Most commercial landlords will know that the Royal Institute of Chartered Surveyors (RICS) has now introduced their Service Charge legislation.
Effective since 1 April 2019, the mandatory new laws are far more specific than the previous ‘best practice’ advice – especially when it comes to disputes between landlords and tenants.
This article will aim to explain why it’s in the best interests of both parties to know exactly where they stand – and includes:
· Service Charge laws now applicable
· Why the measures have been introduced
· The effect on commercial landlords
· The potential benefits for tenants
Which service charge laws are now mandatory?
The RICS-issued Service Charge professional statement is now recognised by law in the UK and includes the following mandatory requirements:
· Any expenditure a landlord wants to charge for must be in accordance with the terms of the lease.
· Landlords cannot recover more than 100 per cent of the costs of the provision of services.
· Landlords must give tenants an annual service charge budget, including an appropriate commentary explaining the fees.
· Landlords must give tenants an approved set of service charge accounts every year which is a real and accurate record of actual expenditure.
· Landlords must give tenants an annual service charge apportionment matrix for their property.
· All service charge monies – including reserve and sinking funds – must be held in one or more discrete (or virtual) bank accounts.
· All interest earned on service charge accounts must be paid into the service charge account.
· Practitioners acting for tenants must tell them that if a dispute exists any service charge payment which is withheld should only be the actual sum in dispute.
· Practitioners acting for landlords must tell them that following the resolution of a dispute any incorrect service charge should be adjusted immediately.
Why have they been introduced?
According to RICS, the new Service Charge laws have been introduced for five main reasons:
· Improve standards, fairness and transparency in relation to service charges.
· Reduce the main cause of landlord-tenant disputes.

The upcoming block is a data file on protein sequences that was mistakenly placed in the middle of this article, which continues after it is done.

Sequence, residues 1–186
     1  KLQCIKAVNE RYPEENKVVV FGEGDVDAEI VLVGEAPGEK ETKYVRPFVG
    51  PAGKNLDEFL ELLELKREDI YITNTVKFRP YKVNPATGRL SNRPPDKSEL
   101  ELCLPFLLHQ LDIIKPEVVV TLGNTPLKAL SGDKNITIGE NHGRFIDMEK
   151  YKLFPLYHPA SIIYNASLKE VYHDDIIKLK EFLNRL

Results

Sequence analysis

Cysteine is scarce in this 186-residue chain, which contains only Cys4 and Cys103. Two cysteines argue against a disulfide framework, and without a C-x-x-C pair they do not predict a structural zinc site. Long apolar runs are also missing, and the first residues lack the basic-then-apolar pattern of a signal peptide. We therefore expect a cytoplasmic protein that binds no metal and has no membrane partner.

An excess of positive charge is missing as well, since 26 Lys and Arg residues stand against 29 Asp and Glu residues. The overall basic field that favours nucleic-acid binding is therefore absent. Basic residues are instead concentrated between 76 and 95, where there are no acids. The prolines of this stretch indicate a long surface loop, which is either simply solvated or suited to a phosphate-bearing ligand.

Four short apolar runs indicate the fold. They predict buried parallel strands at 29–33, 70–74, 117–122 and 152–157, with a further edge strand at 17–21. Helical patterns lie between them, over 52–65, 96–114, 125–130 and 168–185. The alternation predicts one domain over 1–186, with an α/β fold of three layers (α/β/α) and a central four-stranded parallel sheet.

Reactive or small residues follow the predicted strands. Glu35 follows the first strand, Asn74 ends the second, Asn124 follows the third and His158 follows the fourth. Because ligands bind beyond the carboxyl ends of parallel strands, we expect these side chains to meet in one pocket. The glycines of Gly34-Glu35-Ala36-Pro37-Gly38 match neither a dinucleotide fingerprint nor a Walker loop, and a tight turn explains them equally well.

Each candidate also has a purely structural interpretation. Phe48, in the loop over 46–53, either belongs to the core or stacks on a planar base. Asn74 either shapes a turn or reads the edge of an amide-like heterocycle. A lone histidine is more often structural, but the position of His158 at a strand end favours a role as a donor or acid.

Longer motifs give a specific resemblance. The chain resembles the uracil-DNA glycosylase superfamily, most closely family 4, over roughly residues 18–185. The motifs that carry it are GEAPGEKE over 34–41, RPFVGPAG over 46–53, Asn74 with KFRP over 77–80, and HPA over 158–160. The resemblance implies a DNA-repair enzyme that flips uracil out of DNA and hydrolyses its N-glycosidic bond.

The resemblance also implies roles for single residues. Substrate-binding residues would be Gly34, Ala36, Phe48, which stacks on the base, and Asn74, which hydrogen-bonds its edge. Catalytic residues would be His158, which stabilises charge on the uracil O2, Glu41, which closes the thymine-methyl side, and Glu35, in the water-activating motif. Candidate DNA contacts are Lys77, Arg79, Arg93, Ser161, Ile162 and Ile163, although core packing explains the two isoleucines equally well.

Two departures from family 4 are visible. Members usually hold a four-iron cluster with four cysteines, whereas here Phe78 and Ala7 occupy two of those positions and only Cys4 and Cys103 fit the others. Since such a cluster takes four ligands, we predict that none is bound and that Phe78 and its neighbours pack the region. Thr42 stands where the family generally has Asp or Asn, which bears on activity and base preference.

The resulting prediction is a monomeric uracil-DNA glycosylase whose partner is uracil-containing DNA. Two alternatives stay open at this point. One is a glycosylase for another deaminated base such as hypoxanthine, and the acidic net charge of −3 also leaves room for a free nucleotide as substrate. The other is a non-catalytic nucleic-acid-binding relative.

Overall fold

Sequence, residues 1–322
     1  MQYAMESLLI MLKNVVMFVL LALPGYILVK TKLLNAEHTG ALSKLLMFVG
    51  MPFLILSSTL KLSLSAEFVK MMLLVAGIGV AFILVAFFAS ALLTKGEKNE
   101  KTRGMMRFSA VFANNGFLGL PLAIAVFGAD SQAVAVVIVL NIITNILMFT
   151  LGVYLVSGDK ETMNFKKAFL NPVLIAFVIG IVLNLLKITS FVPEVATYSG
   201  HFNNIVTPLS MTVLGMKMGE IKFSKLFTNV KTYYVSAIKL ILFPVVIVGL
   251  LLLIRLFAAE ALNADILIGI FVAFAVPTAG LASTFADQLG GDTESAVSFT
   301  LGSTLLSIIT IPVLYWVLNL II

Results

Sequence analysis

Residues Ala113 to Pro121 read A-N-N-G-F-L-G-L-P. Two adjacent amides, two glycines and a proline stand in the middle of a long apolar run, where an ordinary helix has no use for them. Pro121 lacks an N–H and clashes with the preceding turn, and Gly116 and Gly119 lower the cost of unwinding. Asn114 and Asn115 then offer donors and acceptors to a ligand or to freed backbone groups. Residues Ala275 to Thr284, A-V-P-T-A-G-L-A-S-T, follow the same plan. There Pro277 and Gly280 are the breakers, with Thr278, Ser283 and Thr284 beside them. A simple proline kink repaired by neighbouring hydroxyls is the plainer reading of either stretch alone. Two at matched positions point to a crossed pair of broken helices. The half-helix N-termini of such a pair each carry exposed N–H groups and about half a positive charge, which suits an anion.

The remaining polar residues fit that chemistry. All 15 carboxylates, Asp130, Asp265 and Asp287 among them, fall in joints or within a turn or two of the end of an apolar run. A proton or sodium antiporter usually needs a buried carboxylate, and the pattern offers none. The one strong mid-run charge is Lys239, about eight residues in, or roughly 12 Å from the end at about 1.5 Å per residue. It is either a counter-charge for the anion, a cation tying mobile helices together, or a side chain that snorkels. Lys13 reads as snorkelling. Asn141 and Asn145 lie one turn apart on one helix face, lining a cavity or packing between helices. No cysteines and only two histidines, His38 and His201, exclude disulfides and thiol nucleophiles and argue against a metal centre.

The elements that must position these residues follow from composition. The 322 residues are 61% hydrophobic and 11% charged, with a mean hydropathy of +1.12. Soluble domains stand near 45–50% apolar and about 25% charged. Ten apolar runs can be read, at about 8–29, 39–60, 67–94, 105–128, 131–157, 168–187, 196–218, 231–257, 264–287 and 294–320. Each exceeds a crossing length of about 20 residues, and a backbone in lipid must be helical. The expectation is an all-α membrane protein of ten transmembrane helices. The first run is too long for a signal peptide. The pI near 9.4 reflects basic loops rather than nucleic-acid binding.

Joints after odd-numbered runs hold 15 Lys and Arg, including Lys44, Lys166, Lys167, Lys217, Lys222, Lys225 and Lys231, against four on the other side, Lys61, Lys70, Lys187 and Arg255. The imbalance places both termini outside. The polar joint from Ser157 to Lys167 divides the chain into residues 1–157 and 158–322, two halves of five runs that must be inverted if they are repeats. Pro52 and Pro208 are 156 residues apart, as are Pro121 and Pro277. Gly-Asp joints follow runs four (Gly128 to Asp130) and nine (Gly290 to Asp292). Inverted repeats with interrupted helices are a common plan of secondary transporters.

· Provide guidance on the resolution of disputes if they arise.
· Give solicitors and their clients complete clarity about service charges during the negotiation and drafting of leases.
· Ensure the timely issue of year-end certificates and budgets.
Whilst RICS hope their new Service Charge guidance statement will improve the standards delivered by commercial landlords, they also want it to provide complete accountability about where and when tenants’ money has been spent.
How will landlords be affected by the 2019 Service Charge laws?
In our experience, most commercial landlords were already compliant with the principles of the existing code when it was a voluntary process.
Unfortunately, we’ve heard examples where best practice was ignored, causing stress and worry for tenants.
The new rules, which apply to RICS members and regulated UK firms, will help make the whole topic of service charges much clearer.
In previous years, there was nothing to prevent a landlord from recovering costs they believed were owed dating back several years (unless a lease stated otherwise) – a practice which often had a major negative impact on a tenant’s cash flow.
Since the laws have become mandatory, landlords must be much stricter with regards to deadlines for budgeting and settling service charge accounts – which must be reconciled annually.
The fact it’s now easier to compare service charges on different buildings is one of the biggest advantages for landlords who are looking to buy or lease a commercial property.
However, it’s important for RICS members to be aware that if they fail to adhere to the new laws and a serious dispute arises, they could leave themselves open to a professional negligence claim.
How will tenants be affected by the Service Charge laws?
Being more transparent with service charges should mean tenants are now far more informed about their rights.
The service charge matrix also allows them to see exactly how much they are paying and for what service.
Should they be unhappy with the amount they pay, a tenant may feel more confident to highlight any issues or request a fees amendment when carrying out lease renewal proceedings under the Landlord and Tenant Act 1954.
It should also put an end to the practice of landlords trying to hide any shortfalls (often due to a capped or fixed service charge incentive) by recovering the sum from other occupiers.
If you need to discuss or resolve a service charge issue, please email firstname.lastname@example.org or call 01482 564564 for impartial professional advice.
By Simon Preston
Commercial Management Surveyor
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